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The making of an Ironman: sweat, tears, grit

The making of an Ironman: sweat, tears, grit


Llewellyn Flores
Doha
How to be an Ironman by Nasser al Mohannadi is not a step-by-step instruction guide on how to be a triathlon athlete as the title might suggest. It is, in most part, a narrative, an account of the author's journey to realising a childhood dream. As the story is told, mistakes are identified and lessons are specified.
A person who aspires to be an Ironman should read this book. It provides a vivid picture of what the sport demands from an athlete. It will give a healthy perspective. Anyone who has a goal, big or small, to improve their health, career, education or a skill can benefit from the book. It will encourage you to continue and focus on the goal. Those who are planning to start a project, or learn something new, might just start after reading it. And if you know Ironman only by name, this book will give you a better understanding why the title solicits admiration.
It is not entirely a narrative because charts are included in the book. These are the author's performance in the competitions he participated in, timelines of his journey, and the challenges, mistakes and solutions realised towards and during the Ironman race. He also breaks from the tale to talk about a mistake made and how it could be avoided.
The author holds that the mindset, the attitude and discipline necessary to becoming an Ironman are the same traits necessary to be successful in life. He echoes the life lesson many adults have heard in their lives, perhaps not just once: achieving a dream requires hard work, dedication, focus and a positive outlook; the importance of planning, family, friends, mentors, humility, purpose, etc.
Here, however, he puts weight on the value of those qualities in overcoming obstructions that come along the way of achieving any goal by giving an appreciable description of his struggles during his Ironman race.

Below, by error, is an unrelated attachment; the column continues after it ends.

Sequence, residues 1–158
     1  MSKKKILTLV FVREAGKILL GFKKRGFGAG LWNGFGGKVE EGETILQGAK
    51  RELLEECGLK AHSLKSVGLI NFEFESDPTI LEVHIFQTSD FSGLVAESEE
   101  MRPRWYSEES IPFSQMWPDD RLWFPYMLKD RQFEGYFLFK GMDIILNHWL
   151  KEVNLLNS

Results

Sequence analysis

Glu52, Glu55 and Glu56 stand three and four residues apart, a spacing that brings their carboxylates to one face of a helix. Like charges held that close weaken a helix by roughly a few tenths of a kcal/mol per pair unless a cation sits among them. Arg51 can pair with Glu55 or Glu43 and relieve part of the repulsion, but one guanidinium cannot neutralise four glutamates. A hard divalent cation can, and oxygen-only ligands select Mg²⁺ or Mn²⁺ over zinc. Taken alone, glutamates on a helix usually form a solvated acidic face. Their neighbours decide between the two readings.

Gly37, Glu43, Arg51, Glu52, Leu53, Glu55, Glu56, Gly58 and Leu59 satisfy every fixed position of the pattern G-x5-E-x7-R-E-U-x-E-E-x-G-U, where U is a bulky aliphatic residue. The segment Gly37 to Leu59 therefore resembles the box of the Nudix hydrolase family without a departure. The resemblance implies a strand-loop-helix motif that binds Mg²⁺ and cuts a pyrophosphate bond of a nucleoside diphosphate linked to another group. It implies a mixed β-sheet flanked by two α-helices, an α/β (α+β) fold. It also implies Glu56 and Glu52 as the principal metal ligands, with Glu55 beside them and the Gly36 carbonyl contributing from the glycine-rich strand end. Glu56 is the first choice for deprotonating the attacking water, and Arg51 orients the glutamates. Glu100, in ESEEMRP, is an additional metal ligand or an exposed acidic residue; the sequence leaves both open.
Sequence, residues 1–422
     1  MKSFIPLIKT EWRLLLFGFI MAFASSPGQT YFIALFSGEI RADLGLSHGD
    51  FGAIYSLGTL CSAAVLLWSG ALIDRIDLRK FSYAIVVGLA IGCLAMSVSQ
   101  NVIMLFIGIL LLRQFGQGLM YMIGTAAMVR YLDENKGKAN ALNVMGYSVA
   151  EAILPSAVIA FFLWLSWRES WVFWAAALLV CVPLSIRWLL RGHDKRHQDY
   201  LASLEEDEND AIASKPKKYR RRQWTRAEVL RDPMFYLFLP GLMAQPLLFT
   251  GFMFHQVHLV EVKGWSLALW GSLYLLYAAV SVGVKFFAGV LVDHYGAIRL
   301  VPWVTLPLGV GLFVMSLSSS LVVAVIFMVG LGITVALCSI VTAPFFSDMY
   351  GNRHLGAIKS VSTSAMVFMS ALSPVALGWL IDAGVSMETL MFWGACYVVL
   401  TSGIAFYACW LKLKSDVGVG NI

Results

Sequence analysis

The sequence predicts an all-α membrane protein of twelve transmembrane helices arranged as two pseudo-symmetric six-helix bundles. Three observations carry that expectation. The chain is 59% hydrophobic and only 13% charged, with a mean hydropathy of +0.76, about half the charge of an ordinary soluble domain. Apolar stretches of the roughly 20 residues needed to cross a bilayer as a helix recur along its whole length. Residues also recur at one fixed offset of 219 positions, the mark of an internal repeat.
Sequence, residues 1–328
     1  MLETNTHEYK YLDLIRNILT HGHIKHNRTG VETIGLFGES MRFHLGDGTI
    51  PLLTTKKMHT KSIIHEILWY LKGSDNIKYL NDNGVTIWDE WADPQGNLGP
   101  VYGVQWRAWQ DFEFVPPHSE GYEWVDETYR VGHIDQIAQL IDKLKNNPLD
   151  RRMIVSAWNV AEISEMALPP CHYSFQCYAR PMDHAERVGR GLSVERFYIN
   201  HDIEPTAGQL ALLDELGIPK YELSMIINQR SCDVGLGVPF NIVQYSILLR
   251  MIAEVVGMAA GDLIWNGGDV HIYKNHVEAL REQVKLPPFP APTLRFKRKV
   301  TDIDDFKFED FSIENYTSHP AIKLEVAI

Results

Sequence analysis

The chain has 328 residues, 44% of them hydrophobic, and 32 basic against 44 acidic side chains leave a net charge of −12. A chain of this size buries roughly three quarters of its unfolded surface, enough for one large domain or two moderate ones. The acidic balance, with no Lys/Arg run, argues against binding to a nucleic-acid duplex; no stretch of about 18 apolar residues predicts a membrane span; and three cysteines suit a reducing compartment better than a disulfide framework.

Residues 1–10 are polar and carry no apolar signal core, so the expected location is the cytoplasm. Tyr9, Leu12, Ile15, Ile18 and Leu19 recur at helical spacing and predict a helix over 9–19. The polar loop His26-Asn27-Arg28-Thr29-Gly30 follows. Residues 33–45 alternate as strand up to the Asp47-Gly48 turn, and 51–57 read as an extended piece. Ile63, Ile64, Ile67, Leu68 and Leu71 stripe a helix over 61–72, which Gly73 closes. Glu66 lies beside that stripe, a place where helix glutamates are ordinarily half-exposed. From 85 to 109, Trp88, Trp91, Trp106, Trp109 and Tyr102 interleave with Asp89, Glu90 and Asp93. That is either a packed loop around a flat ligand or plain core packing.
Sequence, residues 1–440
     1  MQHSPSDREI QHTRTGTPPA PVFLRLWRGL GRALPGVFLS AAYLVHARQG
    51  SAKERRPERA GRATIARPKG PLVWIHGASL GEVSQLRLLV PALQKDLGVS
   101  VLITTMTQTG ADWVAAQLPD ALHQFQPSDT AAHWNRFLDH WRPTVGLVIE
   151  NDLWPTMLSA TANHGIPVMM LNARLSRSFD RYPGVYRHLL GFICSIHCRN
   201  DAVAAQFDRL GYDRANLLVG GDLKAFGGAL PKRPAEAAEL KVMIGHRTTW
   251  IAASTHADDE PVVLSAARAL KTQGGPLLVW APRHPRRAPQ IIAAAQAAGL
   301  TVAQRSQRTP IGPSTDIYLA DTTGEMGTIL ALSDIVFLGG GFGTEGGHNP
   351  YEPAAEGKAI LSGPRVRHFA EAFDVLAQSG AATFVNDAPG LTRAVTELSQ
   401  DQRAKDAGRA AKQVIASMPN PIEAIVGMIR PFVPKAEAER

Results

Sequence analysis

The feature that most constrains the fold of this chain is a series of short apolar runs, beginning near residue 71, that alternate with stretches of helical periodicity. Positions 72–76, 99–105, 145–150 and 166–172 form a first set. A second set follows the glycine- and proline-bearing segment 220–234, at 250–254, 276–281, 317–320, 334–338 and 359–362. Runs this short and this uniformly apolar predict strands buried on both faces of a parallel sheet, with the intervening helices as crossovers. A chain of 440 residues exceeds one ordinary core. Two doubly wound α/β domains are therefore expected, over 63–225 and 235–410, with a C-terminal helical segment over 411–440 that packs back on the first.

The author's account of his experiences and his thoughts during the journey are engaging, especially from chapters three to five, where he describes his first Ironman race in detail. Although knowing beforehand that he had finished the race, you could still fear for his safety as he describes the physical struggles he encountered during the race.
His description of what was happening to his body while he swam, biked and ran, can make a reader question the sanity of people who aspire for the Ironman title. He himself did. But as he talks about approaching the finish line, you find yourself watching from the sidelines and rooting for him. You rejoice when he finally reaches the finish line.
Besides the narrative, the short history of Qatar and how the Ironman race came to be, is also a pleasure to read. The two or three instances of humour are great breaks from the somewhat serious but short-read book.
There are, however, two elements of the book that diminished my enjoyment of the narrative. The first is timeline charts placed before the author expands on them. Though it creates a clearer image of the order of how things occurred, it was for me, like a spoiler to a film one is so eager to see. I learned quickly though, and decided to ignore the charts and continued reading, then went back for a clearer picture.
The other was when the author points out his mistakes and provides the lessons he's learned from the incident. It broke the momentum of a good narrative and I felt robbed of the opportunity to learn from someone else's experience simply by reading their reactions and their thoughts about a challenging experience by observing if it were happening before my eyes. It also prevented me from being awed by how the protagonist handled a difficult situation.
Overall, the book serves its purpose it educates, inspires and motivates.

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